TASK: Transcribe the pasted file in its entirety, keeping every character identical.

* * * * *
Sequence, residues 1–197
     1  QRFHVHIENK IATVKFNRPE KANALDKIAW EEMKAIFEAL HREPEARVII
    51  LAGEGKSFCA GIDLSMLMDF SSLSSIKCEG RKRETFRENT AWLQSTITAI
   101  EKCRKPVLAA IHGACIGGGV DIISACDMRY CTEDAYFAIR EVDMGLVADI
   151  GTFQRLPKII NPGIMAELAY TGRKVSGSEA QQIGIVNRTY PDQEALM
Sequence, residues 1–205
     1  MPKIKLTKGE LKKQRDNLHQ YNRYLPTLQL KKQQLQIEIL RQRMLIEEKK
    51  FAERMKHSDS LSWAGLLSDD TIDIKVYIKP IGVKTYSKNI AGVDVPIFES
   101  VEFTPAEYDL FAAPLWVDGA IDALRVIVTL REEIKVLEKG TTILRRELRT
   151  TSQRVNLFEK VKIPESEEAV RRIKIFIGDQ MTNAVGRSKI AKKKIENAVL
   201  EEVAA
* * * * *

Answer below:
Sequence, residues 1–197
     1  QRFHVHIENK IATVKFNRPE KANALDKIAW EEMKAIFEAL HREPEARVII
    51  LAGEGKSFCA GIDLSMLMDF SSLSSIKCEG RKRETFRENT AWLQSTITAI
   101  EKCRKPVLAA IHGACIGGGV DIISACDMRY CTEDAYFAIR EVDMGLVADI
   151  GTFQRLPKII NPGIMAELAY TGRKVSGSEA QQIGIVNRTY PDQEALM
Sequence, residues 1–205
     1  MPKIKLTKGE LKKQRDNLHQ YNRYLPTLQL KKQQLQIEIL RQRMLIEEKK
    51  FAERMKHSDS LSWAGLLSDD TIDIKVYIKP IGVKTYSKNI AGVDVPIFES
   101  VEFTPAEYDL FAAPLWVDGA IDALRVIVTL REEIKVLEKG TTILRRELRT
   151  TSQRVNLFEK VKIPESEEAV RRIKIFIGDQ MTNAVGRSKI AKKKIENAVL
   201  EEVAA